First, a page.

A German court has ruled this week that cities in the car-loving country are at liberty to ban heavily-polluting diesel vehicles, a move that would add to the growing number of cities in Europe and around the world that have already announced near-future bans.
After the ban was announced, Hamburg said it would start to implement limits on diesel vehicles from the end of April.
The German decision was met with mixed reactions, as were similar decisions in other cities, as diesel vehicles had previously been seen as better option than petrol vehicles as they were more efficient in terms of carbon emissions and fuel.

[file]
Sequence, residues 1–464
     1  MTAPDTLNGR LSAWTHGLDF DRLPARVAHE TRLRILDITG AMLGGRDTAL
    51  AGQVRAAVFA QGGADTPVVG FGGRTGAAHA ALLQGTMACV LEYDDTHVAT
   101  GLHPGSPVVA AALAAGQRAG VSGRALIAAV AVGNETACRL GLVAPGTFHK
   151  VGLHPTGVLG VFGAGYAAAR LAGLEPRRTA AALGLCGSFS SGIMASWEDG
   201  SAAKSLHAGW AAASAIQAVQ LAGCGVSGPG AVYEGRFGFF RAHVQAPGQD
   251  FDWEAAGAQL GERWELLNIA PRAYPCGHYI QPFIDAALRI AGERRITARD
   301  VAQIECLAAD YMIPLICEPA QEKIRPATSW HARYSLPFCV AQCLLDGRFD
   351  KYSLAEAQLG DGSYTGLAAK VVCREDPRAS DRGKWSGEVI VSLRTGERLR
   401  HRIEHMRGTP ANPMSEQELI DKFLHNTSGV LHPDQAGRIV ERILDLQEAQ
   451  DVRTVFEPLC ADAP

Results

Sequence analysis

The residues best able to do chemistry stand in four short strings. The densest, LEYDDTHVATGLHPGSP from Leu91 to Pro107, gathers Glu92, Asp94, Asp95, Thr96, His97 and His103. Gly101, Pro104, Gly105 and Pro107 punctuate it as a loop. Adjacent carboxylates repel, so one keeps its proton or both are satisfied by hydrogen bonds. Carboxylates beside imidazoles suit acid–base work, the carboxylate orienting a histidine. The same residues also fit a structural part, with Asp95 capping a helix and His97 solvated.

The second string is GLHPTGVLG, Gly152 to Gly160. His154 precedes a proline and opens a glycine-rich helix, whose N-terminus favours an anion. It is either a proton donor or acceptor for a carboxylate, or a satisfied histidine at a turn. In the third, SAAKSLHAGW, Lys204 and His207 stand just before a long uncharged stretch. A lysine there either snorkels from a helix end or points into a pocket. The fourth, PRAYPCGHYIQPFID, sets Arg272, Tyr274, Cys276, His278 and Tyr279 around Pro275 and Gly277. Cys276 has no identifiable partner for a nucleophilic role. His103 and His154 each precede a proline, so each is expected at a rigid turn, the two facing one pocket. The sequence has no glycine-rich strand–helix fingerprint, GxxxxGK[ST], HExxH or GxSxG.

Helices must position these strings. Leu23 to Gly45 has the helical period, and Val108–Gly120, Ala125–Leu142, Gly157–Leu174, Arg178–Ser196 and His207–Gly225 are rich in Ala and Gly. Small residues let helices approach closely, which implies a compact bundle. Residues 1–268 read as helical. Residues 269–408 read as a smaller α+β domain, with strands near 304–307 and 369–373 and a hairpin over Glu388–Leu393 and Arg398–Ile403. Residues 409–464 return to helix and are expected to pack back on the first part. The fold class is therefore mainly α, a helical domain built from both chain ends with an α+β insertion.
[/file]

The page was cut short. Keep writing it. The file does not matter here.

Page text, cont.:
Diesel vehicles could travel further per gallon of fuel compared to petrol, leading some European governments to decide that on diesel technology to help meet their carbon dioxide targets.
But diesel cars emit nitrogen oxides and soot (fine particulate matter that contain toxins), which are dangerous to human health.
Many German cities exceed European Union limits on nitrogen dioxide, which causes respiratory disease, and the government has been weighing up possible measures to bring down air pollutant levels, including free public transport in several German cities.
Other cities that have announced bans on diesel vehicles include:
Copenhagen, after 2019
Rome, by 2024
Beijing, by 19 September 2019, on all diesel trucks with an emission standard of “national 3”
Transport is a major contributor to air pollution in many urban areas in the world.
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